Gradient self-striping yarns can be so fun to knit with – they gradually shift from one color to the next, creating a beautiful affect. I recently used a yarn like this for the body of my updated Layla cardigan – Noro Akari.
As you can see in the photos above, the color flows from blues to creams to browns, and then repeats over and over again. It’s technically a self-striping yarn (because it’s repeating the sequence of colors), but not in the “traditional stripes” sense (like in the photo below of self-striping sock yarn).
Gradient self-striping yarn is more subtle, and reminds me more of the color shifts you see in nature such as in the water or clouds. The photo below shows a perfect color gradient shift in the water!
And in Noro Akari, here are swatches (courtesy of the Knitting Fever website) that shows the different colorway options and how the color flows (the first colorway, #05, is the one I used in Layla in the photos above):
When I was knitting Layla with this yarn, because the garment is a bottom-up construction, I was knitting the whole garment in one piece from the hem up to the underarms. But then at the underarms, the garment is split and you work each Front and the Back separately up to the shoulders. So at this underarm split, you stop knitting the garment all in one piece – you continue with one of the Fronts and the other Front and the Back stitches ‘rest’ on a holder. When you finish the first Front, you’re instructed to transfer the other Fronts’ stitches from the holder back onto the needle and rejoin the yarn (and then work that Front up to the shoulders). But what if the “next up” shade in the skein I’m working with isn’t the same shade as when I had started the other Front?
So as you can see above, at the underarm split the gradient was at the brown shade. But when I was ready to begin my other Front, the yarn was at the blue shade. So what do you do in this circumstance? Well of course option 1 is to just ignore the gradient pattern and knit-on wherever the skein is at. But if you are a bit more persnickety and want the color pattern on each Front to match as much as possible (and provide color flow/symmetry in your garment), then you can try option 2 which is this: re-wind your ball by hand, cutting it at the point where you find the color spot you want to be at (as I did in the picture below):
So the lesson here is that you don’t have to settle for working with your gradient yarn at whatever spot it’s naturally at – if you don’t want to start a new section of your garment with the shade that is currently “next up” in your skein, you don’t have to! You can find the spot that you want that will provide the best color flow and symmetry in your garment, rewind the yarn or cut it and start at the shade you want. Below shows my Layla laying flat and as you can see, this trick allowed both Fronts to have similar color flow & symmetry:
Note: as you can see above, the thickness of the stripes changes after the underarm and that is unavoidable. This is due to working shorter rows with the yarn – the garment is knit in one piece from the bottom to the underarm, and so obviously the rows in the lower body are much longer (since it includes both Fronts and Back), that the rows in the upper body (where each Front and Back are worked separately). But, by working this technique you at least keep the color sequence the same at the underarm point for all pieces in the garment.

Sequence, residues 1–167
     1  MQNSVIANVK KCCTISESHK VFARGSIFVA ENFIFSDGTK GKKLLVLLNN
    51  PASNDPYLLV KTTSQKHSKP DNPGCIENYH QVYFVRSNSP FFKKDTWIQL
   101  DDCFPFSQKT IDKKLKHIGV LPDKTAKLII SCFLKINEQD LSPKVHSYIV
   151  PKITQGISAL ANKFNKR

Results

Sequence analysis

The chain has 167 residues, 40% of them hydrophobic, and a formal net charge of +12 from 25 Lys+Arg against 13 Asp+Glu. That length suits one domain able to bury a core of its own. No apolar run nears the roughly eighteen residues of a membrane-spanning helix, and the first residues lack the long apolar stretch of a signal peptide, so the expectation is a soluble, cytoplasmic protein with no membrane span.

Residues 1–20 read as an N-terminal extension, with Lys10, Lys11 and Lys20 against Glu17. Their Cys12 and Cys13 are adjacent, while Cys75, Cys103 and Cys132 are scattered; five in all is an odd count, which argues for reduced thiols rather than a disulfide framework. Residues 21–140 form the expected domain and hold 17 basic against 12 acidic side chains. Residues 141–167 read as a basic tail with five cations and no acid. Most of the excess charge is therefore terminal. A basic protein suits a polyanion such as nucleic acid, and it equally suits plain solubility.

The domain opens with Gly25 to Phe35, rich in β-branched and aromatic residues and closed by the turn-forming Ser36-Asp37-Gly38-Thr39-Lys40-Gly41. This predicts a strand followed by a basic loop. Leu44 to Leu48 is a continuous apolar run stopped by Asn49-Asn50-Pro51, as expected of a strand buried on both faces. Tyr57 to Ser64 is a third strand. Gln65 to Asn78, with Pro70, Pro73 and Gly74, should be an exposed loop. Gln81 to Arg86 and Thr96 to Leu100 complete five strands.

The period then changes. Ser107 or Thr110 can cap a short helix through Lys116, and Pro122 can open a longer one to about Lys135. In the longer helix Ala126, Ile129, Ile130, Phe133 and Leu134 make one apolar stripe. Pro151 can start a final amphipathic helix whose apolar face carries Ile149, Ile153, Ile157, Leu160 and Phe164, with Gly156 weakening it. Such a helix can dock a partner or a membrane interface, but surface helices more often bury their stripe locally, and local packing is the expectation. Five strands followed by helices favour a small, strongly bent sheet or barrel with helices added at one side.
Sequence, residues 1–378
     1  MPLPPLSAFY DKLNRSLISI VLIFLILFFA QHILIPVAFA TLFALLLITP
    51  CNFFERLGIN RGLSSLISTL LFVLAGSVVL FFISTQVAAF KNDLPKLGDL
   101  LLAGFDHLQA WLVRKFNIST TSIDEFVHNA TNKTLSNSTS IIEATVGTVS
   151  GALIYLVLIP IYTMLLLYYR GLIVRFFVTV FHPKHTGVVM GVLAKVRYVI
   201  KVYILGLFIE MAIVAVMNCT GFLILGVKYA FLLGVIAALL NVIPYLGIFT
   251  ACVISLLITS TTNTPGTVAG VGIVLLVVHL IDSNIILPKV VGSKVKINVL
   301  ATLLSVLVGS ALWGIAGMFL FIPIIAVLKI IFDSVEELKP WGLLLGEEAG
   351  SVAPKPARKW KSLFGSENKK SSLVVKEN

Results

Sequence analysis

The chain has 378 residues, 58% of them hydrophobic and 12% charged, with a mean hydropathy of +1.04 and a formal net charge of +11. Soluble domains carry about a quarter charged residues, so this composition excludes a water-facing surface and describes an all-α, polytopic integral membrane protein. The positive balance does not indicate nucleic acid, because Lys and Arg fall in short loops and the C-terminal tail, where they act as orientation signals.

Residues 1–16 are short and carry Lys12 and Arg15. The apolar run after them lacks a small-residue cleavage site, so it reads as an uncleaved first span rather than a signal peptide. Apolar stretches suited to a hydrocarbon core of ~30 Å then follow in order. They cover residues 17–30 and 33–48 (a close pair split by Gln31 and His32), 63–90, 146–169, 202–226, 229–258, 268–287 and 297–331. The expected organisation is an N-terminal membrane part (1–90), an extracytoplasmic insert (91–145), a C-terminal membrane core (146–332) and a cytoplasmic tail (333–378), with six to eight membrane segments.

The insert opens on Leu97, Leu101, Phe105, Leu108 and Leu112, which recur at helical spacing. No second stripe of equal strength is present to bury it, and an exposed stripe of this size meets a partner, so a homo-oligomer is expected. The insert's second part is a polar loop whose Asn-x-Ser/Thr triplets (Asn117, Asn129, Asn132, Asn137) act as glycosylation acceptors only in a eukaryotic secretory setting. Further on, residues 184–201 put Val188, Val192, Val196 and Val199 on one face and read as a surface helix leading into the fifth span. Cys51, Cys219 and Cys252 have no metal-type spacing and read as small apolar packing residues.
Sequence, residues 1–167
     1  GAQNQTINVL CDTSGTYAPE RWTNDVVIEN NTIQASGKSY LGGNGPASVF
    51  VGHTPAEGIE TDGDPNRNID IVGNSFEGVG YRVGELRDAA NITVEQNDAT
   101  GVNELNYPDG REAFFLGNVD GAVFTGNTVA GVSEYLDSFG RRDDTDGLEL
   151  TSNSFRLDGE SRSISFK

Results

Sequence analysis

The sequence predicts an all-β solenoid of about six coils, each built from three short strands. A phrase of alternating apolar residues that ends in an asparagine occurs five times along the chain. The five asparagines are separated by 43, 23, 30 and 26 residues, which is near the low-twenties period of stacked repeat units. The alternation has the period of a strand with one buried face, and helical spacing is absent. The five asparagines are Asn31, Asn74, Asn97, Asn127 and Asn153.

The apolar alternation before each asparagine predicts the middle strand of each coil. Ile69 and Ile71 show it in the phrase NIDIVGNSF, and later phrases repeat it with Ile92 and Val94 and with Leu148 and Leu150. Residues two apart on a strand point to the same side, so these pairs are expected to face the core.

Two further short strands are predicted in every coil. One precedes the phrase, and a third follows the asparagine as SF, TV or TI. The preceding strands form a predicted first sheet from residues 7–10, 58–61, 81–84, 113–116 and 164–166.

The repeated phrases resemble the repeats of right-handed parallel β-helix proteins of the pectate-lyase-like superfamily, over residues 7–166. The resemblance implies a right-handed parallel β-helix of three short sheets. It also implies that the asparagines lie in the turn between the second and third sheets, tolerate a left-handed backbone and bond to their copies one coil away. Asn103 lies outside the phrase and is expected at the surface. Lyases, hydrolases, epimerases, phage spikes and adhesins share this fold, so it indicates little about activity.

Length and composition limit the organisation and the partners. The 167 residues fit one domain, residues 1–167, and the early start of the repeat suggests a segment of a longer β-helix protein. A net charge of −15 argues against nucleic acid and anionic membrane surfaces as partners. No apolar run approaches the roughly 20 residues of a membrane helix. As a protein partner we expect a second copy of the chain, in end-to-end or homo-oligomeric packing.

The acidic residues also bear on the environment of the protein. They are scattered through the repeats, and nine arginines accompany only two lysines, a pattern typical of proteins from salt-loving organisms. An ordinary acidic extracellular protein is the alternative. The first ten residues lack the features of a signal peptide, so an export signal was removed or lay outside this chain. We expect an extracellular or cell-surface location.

What other construction-styles could you use this technique?
It’s not just bottom-up garments like Layla where this technique may be helpful with gradient striping yarns. For top-down sweaters (like a raglan construction), you typically work the garment all in one piece from the neck down to the underarm, at which point the sleeve stitches are separated from the body (and the body is continued to be worked down to the hem). So you could use this technique when the time comes to transfer the sleeve stitches back to needles and rejoin the yarn.
The downsides of this technique
The downside to this technique is that you may wind up wasting some yarn. And with expensive yarn, wasting any yarn is definitely not ideal. But in Layla, I personally found it was quite a minimal amount ‘wasted’, so it may just depend on your particular yarn and the garment. What I found is that the yarn I wound up cutting I could use further up in the garment. So I didn’t wind up wasting too much yarn in the end. The other downside is that if you only bought just enough gradient yarn as specified in your pattern, then you may wind up not having enough yarn to play with and make this technique work. So if you plan to use gradient striping yarn in a garment (and want to work this technique), I’d suggest adding about 10-15% to the yardage requirement listed in the pattern.
What are some other similar gradient, self-striping yarns?
Here are just a few other yarns that I have heard about that may create a similar affect. For more ideas, check with your favorite yarn shop to see what brands they carry!
Want to give it a try?
Want to give self-striping gradient yarn a try on a garment project? Click here for more information about my Layla cardi/vest! Gradient striping yarn also looks great when it’s worked as actual stripes in a garment, when you pair it with a solid color. For example, you could knit the 1-row stripes version of Layla with a gradient yarn like Noro Akari and pair it with a solid color yarn like Blue Sky Fiber Woolstok Worsted or Malabrigo Worsted. Or another striping pattern idea could be Little Coffee Bean (or the adult version Coffee Bean Cardigan). And one last idea – you could use a gradient striping yarn for one of the colors in the Soundtrack Top or Soundtrack Cowl!